Cafes are full in Sweden, Source: Luleå Municipality

Sweden introduces one metre distance rule in restaurants

Sweden introduces one metre distance rule in restaurants

The Public Health Agency urges domestic travelers to avoid crowded places and making new acquaintances

When broaching the topic of lenient approaches to the coronavirus pandemic, everyone is quick to point their finger at Sweden. But the EU country which stubbornly steers its own course through the crisis based on personal responsibility rather than enforced prohibitions is showing signs of uneasiness that a second wave of Covid-19 may be looming large.

One metre apart

A week ago, a new law on temporary infection control measures at venues serving food and drink, incl. restaurants, bars, cafes and nightclubs, was enacted, stating that the manager of the catering facility is responsible for taking measures to prevent the spread of Covid-19. On Tuesday the Public Health Agency tightened the requirements by introducing a one metre distance rule between different dining groups (keeping a safe distance within a group is the responsibility of its members). The law has empowered local authorities to monitor compliance, levy fines and even close the venue in case of violations.

With summer in full swing, not just restaurants and bars are brimming. According to a survey by the Civil Contingencies Agency, 45 percent of people in Sweden plan to undertake one or more domestic trips this summer. The tourism industry, too, reports an increase in overnight stays.

This trend has prompted Johan Carlson, general director of the Public Health Agency, to urge his compatriots at a special press conference to travel responsibly and avoid meeting new people to lower the risk of a second wave of Covid-19 infections.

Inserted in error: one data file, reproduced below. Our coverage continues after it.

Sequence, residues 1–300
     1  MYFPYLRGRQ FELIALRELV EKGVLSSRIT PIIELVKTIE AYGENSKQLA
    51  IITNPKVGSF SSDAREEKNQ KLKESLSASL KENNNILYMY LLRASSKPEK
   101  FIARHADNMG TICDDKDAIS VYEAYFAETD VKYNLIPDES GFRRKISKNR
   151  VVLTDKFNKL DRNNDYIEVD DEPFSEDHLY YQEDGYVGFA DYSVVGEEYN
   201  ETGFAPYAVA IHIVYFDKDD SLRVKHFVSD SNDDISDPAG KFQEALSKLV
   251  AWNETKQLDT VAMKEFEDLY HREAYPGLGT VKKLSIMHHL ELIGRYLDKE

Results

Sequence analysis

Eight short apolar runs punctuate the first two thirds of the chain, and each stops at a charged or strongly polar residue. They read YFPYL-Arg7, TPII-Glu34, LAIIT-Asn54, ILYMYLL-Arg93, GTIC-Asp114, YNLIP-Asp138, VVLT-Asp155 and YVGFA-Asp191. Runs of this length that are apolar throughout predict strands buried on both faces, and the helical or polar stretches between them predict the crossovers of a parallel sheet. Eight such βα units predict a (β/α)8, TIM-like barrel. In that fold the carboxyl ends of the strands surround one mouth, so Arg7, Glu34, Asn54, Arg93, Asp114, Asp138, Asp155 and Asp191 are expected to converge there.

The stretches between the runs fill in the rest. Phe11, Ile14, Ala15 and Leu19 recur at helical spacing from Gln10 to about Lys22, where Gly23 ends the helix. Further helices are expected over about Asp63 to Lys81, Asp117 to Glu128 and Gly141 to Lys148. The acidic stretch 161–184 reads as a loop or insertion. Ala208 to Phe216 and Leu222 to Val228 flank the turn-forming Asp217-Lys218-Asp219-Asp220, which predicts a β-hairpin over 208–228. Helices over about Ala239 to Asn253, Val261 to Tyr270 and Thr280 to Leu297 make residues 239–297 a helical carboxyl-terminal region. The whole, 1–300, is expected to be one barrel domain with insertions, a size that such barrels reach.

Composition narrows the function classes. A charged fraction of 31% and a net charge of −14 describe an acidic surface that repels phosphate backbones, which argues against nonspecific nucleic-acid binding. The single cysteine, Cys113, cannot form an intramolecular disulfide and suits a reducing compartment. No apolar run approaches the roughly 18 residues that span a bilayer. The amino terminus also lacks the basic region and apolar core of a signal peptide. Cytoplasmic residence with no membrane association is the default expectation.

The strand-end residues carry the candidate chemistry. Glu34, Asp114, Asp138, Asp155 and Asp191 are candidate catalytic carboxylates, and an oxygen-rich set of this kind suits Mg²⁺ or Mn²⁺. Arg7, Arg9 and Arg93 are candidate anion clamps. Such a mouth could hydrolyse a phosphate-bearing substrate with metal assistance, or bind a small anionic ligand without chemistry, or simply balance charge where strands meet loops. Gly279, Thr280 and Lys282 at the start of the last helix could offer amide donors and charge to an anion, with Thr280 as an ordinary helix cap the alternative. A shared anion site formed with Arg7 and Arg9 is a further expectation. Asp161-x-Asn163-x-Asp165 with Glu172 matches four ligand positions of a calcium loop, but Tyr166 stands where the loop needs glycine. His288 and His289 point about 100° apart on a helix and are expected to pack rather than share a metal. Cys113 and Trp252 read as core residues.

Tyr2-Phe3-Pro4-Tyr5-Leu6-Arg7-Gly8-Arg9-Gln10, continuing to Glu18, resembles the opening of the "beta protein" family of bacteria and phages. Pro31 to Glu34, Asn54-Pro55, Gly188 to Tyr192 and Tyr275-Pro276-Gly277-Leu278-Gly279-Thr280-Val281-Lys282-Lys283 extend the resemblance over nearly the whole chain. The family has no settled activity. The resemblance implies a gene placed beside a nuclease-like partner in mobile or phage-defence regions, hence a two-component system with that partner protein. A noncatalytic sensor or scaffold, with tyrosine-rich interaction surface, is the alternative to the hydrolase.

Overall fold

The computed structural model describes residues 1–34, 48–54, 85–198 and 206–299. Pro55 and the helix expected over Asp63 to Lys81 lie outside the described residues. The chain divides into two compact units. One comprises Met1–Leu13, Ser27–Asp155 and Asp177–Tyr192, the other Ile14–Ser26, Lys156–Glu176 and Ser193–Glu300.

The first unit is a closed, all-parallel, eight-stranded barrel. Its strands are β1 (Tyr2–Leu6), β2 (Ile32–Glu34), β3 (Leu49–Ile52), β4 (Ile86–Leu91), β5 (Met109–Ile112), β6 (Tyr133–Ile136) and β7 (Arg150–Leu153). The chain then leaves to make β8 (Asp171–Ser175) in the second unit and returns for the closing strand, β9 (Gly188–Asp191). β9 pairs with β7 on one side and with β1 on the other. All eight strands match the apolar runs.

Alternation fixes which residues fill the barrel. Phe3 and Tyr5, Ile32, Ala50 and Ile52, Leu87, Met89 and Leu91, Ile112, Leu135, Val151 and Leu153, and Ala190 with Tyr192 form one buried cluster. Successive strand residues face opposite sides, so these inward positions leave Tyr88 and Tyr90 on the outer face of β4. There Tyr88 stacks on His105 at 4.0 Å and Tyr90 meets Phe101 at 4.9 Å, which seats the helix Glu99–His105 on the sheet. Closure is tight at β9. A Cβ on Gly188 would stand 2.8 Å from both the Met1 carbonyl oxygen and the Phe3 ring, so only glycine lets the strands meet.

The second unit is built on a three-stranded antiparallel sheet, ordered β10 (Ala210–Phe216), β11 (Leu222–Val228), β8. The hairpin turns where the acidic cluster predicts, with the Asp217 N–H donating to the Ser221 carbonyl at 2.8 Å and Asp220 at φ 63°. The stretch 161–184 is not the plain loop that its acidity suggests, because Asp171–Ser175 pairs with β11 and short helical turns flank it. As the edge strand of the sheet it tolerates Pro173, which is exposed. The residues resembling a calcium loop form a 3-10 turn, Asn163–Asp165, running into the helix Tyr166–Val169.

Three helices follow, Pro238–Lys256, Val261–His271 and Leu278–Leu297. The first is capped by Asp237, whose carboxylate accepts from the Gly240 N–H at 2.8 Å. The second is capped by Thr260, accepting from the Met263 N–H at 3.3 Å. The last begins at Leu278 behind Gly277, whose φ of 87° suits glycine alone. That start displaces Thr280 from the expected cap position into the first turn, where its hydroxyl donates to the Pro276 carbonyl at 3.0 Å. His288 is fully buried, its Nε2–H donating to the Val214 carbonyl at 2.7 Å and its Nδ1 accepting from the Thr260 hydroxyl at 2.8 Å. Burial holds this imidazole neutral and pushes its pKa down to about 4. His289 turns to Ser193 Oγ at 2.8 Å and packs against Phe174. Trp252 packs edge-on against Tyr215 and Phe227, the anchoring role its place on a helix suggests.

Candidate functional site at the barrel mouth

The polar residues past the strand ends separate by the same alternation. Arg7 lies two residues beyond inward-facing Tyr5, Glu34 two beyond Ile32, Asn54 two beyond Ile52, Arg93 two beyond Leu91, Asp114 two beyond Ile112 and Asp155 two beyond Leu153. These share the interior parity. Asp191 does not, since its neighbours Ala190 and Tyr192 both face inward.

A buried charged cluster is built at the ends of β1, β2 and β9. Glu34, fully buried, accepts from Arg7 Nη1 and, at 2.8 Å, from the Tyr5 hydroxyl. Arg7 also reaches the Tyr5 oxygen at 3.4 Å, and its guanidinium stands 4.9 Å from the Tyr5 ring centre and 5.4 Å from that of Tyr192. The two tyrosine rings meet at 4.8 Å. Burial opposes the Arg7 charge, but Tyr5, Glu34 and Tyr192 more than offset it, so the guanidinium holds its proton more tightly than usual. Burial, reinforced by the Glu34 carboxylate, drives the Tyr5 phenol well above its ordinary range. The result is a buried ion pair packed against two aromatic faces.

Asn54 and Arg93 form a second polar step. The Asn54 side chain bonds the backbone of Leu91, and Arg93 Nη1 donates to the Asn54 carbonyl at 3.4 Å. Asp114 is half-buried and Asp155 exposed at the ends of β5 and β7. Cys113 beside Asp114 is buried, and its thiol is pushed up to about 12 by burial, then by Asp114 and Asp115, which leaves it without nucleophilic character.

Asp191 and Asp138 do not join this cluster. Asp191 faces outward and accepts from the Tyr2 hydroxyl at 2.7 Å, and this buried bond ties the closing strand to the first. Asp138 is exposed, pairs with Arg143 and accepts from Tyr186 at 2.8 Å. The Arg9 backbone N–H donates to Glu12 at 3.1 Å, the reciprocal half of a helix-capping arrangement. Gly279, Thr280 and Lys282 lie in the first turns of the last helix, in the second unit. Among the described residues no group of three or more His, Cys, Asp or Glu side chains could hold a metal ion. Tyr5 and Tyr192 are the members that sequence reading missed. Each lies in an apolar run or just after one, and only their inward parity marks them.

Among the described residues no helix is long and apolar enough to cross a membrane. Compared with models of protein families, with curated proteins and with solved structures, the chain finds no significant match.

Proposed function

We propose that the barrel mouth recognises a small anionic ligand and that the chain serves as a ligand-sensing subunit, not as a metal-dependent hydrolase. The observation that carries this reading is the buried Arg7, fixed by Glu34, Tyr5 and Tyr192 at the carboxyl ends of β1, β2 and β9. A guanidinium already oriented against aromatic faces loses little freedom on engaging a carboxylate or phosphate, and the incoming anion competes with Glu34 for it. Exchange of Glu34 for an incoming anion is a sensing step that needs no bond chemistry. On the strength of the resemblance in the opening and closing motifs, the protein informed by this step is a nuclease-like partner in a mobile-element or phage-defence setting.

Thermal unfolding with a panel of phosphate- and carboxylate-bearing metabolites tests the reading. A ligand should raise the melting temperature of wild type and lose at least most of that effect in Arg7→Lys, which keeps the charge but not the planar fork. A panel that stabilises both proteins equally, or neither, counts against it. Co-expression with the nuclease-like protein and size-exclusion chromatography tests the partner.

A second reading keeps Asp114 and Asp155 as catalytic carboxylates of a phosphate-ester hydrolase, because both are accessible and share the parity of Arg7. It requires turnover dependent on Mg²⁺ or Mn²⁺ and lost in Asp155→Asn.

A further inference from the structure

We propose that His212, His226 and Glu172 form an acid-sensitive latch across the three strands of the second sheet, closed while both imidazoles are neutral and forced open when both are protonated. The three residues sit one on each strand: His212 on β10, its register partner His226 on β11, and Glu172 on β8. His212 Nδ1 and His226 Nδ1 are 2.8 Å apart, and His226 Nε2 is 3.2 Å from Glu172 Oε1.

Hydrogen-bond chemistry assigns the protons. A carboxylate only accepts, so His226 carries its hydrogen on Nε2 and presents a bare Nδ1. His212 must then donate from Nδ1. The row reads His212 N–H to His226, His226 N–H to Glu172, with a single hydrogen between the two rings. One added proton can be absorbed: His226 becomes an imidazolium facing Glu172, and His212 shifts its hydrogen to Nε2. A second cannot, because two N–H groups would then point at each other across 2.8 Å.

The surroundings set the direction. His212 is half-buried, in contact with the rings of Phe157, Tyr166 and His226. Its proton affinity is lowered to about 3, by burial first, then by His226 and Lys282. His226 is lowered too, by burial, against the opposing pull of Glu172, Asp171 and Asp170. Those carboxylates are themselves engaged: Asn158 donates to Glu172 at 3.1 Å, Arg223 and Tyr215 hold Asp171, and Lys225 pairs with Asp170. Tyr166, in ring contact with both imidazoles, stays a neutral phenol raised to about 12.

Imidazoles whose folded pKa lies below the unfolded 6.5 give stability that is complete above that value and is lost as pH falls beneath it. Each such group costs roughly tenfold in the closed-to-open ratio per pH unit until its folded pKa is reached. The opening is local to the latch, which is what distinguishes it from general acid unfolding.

"The message is: travel responsibly, avoid crowded places, stay at home if you're sick, and avoid contact with people you don't normally have contact with. Don't make new acquaintances on holiday," said Carlson, quoted by TT news agency.

Steady fall of deaths and serious cases due to social distancing

Sweden has never set official limits or even guidelines on how many people or households can meet. But the health authority has repeatedly advised residents to avoid large gatherings and crowded places and limit their social contacts to their intimate circle of family and best friends.

Sweden is now reporting a steady fall in deaths, intensive care admissions and serious cases linked to the coronavirus. But the Public Health Agency was quick to emphasize that these achievements were the result of social distancing, which was important to stick to.

"This is the effect of social distancing, the physical distance between people, being followed. People need to keep following this. We've received signals that it's working less well at certain holiday spots," Carlson warned.



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